One special form is simulations with multi-agent systems (MAS), which are used to model the dynamic behavior of populations (Wooldridge 2002). An MAS is a system running on a computer and composed of several agents and their environment. The definition of agents is still controversial, but in MAS an agent mostly represents a life-like artificial unit. Agent-based simulations are suited to models and explain the emergence of higher-level phenomena caused by the interaction of single agents. The interaction of many agents on a microscopic level will sometimes result in stable systems on a macroscopic level (e.g., the emergence of communication systems) that show novel and sometimes unexpected properties. Compared to traditional simulation techniques, MAS have the advantage that global behaviors as well as each agent’s individual behavior, including its causes and consequences, can be observed. Examples of social phenomena simulated with MAS are the emergence of social intelligence, the emergence of intergroup cooperation, the spreading of gossip, and the evolution of communication, to mention just a few.
One special case of simulations is interactive or human-in-the-loop simulations (HILS). These differ from other simulations in that human operators or users are included in the simulation process. Examples of HILS are medical simulators, flight simulators, and driving simulators. In most cases the goal of HILS is not simply the prediction of future states of dynamic systems. HILS are often used as experimental settings in human– computer interaction research to measure user behavior patterns. The results of the simulations can be used to improve the usability of interfaces (of cars or airplanes). Another function of HILS is the training of personnel. If it is too dangerous or too expensive to permit trainees the use of real equipment, learning in a safe virtual environment is a preferable alternative. To test the fitness of pilots, flight simulators can be used to simulate extremely hazardous scenarios.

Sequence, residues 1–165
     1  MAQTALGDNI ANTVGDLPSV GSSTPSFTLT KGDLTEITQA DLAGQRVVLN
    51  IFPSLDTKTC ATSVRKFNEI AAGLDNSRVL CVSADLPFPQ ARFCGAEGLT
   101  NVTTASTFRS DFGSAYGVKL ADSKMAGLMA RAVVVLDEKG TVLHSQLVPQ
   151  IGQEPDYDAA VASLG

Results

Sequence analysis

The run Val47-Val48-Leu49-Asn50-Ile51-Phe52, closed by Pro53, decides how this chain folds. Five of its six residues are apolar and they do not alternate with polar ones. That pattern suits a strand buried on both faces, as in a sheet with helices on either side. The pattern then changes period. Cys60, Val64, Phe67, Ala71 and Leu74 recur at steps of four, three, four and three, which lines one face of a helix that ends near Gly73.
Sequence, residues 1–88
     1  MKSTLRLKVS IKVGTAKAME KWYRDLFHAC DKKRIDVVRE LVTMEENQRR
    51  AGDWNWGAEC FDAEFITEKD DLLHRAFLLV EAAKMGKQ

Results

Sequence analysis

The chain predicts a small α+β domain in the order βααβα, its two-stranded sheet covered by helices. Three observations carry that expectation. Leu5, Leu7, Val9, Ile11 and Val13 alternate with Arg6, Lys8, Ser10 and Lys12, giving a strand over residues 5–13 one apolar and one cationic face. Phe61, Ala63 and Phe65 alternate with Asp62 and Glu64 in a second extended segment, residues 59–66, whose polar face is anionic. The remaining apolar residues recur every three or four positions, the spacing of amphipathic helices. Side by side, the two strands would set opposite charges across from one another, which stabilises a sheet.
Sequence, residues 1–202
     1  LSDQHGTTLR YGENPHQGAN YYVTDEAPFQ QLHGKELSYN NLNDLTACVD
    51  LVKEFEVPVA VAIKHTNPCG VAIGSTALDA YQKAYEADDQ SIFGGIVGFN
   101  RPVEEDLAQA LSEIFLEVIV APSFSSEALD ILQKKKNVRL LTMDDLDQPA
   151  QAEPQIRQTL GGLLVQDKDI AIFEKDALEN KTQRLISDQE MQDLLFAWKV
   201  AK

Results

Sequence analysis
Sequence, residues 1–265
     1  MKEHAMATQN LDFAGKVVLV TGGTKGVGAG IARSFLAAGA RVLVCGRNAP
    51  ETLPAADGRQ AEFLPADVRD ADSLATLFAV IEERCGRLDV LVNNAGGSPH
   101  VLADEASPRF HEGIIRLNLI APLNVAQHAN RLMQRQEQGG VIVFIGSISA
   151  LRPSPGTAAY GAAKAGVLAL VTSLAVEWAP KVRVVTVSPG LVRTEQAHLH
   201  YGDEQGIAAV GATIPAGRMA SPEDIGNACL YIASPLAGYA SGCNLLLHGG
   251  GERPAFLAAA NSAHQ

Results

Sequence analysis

Almost all HILS are realized not only as training devices but also as video and computer games. City simulators are tools for urban planners to gain a better understanding of the evolution of a city, but they are also the game engines for computer games. Simulations form a category of their own in the domain of video games. This category can be further subdivided into sensorimotor simulations (e.g., flight and racing simulations) and simulations that can be used by the player to organize a dynamic system like a family, an organization, an economic system, or the evolution of a species. Massively multi-player online role-playing games (MMORPGs) are very complex simulations of alternative virtual worlds that have no counterparts in the domain of scientific simulations. Virtual environments like Second Life are also simulations with comparable complexity, but they are not games because they do not have a pre-defined goal that the user is expected to reach.
- Forrester, J. W. (1971). World dynamics. Cambridge, MA: Wright-Allen.
- Hartmann, S. (1996). The world as a process: Simulations in the natural and social sciences. In R. Hegselmann, U. Mueller, & K. G. Troitzsch (eds.), Simulation and modelling in the social sciences from the philosophy of science point of view. Dordrecht: Kluwer, pp. 77–100.
- Wooldridge, M. (2002). An introduction to multiagent systems. Chichester: John Wiley.